But what about the more turbulent waters of society; of governance and economics and the nature of legitimacy and role of the state in the lives of individuals? It is in this arena, they like to call them the ‘social sciences’ but there is nothing scientific at all about them, where the situation is dramatic (see the below video on the degree to which our two parties have become two tribes). The problem, of course, is that ‘social science’ is about the interaction of humans – and as such does not lend itself to scientific inquiry. It is hard to ‘know’; especially when we reject the means by which we are able to ‘know’ (this is incidentally what conservatism seeks – to preserve the founts of ancient knowledge and understanding – it’s called wisdom – and protect them from the maelstrom which surges around). In this case the Overton Window battles are taking place wholly within the two camps, in which nair the twain shall meet (a congress which is necessary in a healthy republic – hence the term ‘congress’).

Case in point, this morning I read an interesting exchange between Sohrab Ahmari (the managing editor of the NY Post) and David French from the National Review with the ‘moderator’ or third rail being Michael Brendan Dougherty; the point of which was Ahmari accusing French of being basically accommodationist, that French believes “that the institutions of a technocratic market society are neutral zones that should, in theory, accommodate both traditional Christianity and the libertine ways and paganized ideology of the other side” with French responding that, “Moreover, I firmly believe that the defense of these political and cultural values must be conducted in accordance with scriptural admonitions to love your enemies, to bless those who persecute you, with full knowledge that the ‘Lord’s servant’ must be ‘kind to everyone, able to teach, and patiently endure evil’.” Basically, the debate within conservative circles these days of whether to “go to the mattresses” against the illiberal progressives or to attempt to reason with them. These are old fights (most people have forgotten that sixty years ago there was a fight for the heart of conservatism between Bill Buckley and Ayn Rand. Buckley won… – I wonder what America would look like if it had been Rand?). But they are reinvigorated by intellectual Trumpism (JAG anyone? Flight 93 Election? American Affairs Journal?) which certainly has pulled the Overton window way in the direction of a higher conflict agenda; “finally fighting back” many conservatives would say – a fight that no conservative in recent history was willing to prosecute – and they may be right about this.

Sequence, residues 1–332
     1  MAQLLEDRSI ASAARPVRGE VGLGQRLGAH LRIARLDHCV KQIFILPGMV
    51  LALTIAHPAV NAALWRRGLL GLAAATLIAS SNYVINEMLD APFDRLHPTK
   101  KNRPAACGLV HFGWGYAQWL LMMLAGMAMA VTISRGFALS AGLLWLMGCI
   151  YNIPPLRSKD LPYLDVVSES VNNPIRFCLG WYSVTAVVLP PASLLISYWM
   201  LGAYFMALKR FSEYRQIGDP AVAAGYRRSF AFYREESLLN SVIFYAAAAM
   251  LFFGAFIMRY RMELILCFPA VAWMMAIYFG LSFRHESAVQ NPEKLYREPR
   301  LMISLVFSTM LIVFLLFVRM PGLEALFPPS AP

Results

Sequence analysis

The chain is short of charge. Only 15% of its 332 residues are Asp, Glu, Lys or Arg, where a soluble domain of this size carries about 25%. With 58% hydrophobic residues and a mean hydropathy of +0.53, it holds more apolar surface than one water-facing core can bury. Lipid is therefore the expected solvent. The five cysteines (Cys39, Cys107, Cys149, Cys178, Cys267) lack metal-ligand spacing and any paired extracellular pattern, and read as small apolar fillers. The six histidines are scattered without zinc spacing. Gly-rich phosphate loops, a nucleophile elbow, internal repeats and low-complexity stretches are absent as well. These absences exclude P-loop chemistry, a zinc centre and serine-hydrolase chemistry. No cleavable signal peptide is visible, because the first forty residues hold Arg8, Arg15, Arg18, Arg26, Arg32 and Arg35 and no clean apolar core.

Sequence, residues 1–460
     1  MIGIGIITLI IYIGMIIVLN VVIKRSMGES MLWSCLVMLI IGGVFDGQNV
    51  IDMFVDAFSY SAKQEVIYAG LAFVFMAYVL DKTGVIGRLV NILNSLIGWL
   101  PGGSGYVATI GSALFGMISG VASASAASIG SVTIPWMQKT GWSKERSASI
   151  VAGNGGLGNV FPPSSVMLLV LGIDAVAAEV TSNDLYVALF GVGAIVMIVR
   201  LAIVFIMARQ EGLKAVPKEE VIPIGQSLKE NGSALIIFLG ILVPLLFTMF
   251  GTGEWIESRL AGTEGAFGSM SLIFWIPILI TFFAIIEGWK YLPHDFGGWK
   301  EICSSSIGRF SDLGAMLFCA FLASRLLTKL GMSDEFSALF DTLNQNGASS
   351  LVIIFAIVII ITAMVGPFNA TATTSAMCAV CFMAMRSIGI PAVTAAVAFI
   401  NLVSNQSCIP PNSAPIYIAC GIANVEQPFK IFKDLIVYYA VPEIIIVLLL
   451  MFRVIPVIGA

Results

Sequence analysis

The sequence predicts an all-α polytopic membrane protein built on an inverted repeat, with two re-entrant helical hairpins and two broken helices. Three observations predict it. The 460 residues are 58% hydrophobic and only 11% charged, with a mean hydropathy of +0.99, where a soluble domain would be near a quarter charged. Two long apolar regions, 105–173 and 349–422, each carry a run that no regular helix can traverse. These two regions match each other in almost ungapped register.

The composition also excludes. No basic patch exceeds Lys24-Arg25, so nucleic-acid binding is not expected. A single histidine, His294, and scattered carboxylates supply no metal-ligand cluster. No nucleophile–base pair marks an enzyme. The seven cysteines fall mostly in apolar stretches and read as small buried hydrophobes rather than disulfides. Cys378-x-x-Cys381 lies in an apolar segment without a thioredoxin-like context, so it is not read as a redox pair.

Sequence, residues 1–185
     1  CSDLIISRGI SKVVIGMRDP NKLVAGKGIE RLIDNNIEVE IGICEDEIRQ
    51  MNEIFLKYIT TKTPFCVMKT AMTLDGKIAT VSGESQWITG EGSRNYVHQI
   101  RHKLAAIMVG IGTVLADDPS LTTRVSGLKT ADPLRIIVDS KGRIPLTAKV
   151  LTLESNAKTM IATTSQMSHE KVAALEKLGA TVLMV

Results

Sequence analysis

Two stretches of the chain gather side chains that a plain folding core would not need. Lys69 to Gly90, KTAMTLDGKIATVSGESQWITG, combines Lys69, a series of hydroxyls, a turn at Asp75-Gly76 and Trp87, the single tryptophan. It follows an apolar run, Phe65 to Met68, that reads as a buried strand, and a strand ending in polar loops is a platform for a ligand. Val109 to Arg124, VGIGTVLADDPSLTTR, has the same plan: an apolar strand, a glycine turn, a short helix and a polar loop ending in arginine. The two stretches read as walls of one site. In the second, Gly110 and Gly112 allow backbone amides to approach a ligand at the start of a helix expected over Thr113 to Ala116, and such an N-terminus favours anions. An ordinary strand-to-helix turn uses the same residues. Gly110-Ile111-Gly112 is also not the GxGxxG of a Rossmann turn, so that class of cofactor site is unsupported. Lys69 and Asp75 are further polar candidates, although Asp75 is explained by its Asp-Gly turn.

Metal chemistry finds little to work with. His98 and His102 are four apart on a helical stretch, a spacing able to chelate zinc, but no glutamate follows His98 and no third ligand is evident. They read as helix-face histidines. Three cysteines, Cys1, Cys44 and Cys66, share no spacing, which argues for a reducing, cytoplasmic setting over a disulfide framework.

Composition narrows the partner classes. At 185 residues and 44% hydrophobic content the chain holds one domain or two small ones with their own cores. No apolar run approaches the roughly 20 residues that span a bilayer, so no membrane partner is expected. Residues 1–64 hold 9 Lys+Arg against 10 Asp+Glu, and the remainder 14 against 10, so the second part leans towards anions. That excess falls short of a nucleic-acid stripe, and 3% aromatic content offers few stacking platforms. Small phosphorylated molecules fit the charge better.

To be sure, the ‘left’ is also having their own Overton Window debates, with the illiberal progressives pushing socialism against a more modest strain which does not cradle national suicide as its collective ambition (maybe Joe Biden?). But I rarely read those debates – I read them for years in Venezuela, there’s nothing new there for me. For you either, incidentally – if you bother to read history.